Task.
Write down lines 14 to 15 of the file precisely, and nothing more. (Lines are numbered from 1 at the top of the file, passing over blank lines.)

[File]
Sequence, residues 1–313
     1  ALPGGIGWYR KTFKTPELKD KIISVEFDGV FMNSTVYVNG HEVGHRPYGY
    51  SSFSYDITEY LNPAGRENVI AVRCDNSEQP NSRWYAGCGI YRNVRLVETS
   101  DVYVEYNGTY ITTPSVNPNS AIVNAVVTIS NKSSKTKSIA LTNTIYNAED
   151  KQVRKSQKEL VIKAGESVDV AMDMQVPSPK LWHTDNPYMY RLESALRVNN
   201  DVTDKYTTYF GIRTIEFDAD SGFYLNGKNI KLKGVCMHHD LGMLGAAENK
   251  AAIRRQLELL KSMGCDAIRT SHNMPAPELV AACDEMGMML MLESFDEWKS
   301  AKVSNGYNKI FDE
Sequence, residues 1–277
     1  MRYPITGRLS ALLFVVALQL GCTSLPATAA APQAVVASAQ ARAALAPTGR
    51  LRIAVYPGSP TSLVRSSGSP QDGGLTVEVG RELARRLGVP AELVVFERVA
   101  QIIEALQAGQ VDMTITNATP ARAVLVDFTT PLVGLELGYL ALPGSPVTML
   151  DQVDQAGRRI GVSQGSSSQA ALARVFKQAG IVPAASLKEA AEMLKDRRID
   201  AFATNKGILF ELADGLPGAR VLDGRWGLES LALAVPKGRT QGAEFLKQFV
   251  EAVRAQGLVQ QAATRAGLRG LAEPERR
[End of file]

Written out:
   201  AFATNKGILF ELADGLPGAR VLDGRWGLES LALAVPKGRT QGAEFLKQFV
   251  EAVRAQGLVQ QAATRAGLRG LAEPERR